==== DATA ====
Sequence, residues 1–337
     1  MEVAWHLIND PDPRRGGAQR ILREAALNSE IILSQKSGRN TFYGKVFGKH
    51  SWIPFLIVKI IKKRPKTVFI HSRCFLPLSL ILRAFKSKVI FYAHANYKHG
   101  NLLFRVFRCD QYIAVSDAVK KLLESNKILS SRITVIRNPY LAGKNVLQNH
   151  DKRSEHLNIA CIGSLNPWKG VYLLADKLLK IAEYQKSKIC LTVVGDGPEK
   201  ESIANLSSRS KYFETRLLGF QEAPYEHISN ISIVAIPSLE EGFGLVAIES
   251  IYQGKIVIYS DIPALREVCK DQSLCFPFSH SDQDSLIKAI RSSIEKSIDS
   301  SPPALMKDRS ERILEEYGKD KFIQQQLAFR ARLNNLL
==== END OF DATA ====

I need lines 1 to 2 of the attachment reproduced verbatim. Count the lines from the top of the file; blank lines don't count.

Sequence, residues 1–337
     1  MEVAWHLIND PDPRRGGAQR ILREAALNSE IILSQKSGRN TFYGKVFGKH